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Winter is Coming


With the cooler seasons upon us, Radio COTA has produced a podcast dedicated to keeping healthy and active – even when all we really want to do is stay warm by snuggling on the couch with a good book or movie!

So, why do we need to participate in regular physical activity?  One reason is to maintain healthy, strong bones – especially as we are getting a little older.

Another reason is to try to prevent diseases such as osteoporosis, diabetes, arthritis, and other conditions which significantly impact on your general health and wellbeing.

A few facts.  Osteoporosis is the most common bone disease which increases your risk of fractures, particularly to the hips, wrists, and spine, as bones become brittle and fragile due to low bone mass and bone tissues.

Maximum bone density and strength is reached at around 30 years of age.  After this age, the bone building which is constantly being broken down and rebuilt in tiny amounts, shifts, with more bone being lost than gained.  Osteoporosis develops when there’s an abnormal imbalance between bone loss and growth.

Several risk factors are associated with the risk of developing osteoporosis – some are genetic, such as family history of the condition.  Others include:

Being a woman – particularly in post-menopause, being 50 or older, having small or thin bones, and/or being Caucasian or Asian.

Other risk factors, some of which can be controlled, include smoking, excessive alcohol consumption, eating disorders, dietary deficiencies – especially lacking in calcium and Vitamin D, lack of exercise, long term use of some medications, and low oestrogen or testosterone levels.

The disease is most prevalent in women over the age of 65 and in men over the age of 70, but this doesn’t mean that you don’t need to care for your bones when you are younger!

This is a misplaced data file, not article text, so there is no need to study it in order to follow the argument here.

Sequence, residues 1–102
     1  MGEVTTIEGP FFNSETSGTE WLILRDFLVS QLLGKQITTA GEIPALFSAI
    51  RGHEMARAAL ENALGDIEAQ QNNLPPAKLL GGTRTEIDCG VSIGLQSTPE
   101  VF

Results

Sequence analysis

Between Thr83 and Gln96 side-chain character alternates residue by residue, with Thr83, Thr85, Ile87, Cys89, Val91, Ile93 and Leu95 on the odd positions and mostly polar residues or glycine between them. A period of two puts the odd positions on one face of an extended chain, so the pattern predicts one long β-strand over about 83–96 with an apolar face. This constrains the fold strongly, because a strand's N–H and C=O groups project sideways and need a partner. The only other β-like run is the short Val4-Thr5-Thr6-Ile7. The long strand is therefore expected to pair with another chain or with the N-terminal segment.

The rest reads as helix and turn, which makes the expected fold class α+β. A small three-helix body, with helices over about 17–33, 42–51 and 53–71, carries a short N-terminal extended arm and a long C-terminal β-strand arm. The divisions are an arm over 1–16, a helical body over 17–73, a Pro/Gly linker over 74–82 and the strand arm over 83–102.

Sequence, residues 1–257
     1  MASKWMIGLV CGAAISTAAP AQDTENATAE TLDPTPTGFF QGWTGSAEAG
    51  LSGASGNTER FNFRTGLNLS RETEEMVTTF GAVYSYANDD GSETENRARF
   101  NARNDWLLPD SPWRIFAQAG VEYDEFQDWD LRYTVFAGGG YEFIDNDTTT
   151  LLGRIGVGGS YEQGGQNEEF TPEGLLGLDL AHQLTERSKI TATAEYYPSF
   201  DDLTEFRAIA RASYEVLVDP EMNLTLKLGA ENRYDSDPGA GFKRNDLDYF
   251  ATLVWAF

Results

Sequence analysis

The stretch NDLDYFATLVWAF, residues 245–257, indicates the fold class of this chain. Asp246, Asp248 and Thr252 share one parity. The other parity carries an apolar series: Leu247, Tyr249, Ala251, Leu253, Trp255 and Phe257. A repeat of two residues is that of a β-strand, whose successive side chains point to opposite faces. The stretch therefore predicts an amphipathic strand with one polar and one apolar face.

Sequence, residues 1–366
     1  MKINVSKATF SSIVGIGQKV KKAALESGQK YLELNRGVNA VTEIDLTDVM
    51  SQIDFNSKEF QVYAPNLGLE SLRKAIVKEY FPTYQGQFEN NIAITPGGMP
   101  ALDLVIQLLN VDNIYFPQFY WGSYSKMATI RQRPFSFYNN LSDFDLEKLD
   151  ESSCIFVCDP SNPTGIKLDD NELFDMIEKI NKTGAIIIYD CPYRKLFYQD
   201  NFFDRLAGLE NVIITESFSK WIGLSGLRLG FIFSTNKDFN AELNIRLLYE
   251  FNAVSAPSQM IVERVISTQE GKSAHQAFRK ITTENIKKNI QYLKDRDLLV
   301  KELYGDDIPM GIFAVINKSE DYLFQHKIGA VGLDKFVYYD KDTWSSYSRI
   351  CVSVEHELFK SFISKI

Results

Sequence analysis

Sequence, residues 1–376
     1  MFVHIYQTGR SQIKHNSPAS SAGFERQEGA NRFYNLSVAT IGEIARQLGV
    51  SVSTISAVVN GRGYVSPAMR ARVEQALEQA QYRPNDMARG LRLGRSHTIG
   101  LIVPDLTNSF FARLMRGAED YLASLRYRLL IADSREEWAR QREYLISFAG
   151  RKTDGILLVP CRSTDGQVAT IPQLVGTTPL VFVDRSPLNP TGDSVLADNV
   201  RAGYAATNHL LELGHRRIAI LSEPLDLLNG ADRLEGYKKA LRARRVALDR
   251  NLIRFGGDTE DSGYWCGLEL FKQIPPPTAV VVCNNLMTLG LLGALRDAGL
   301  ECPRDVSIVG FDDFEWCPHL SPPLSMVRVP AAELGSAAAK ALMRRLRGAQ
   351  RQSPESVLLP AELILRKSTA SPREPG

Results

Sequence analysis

Most osteoporosis related bone fractures occur in the spine, followed by the wrists, hips, and pelvis.  Often these fractures are a result from a minor fall or accident, however, spinal fractures may also occur if the spinal bones, or vertebrae, weaken to the point of crumbling.

Osteoporosis causes pain and alters your posture; however, a more serious issue includes reduced mobility, often leading to depression and/or anxiety.

So how do we try to prevent this condition?  A little bit of work and willpower is involved – quit smoking, reduce alcohol intake, get involved in some gentle exercise –  such as walking or lifting light weights, and maintain a well-balanced diet, including grains, fruits, and vegetables, dairy products or other calcium-rich foods, and meat or beans each day – and have a healthy dose of Vitamin D – don’t forget to slip, slop and slap!  Vitamin D supplements are available for people who are unable to get enough through sunshine and diet.

If you already have osteoporosis, it’s important to try to prevent falls, slips, and trips.  A few tips on ding this – keep your home well-lit and free from clutter, install handrails and slip free flooring or mats, wear slip-resistant footwear, be aware of the side effects of any medications you are taking, such as drowsiness, and maintain a regular gentle exercise routine to maintain strength in muscles.

For more information on osteoporosis, please take some time to speak with your GP and a dietician.

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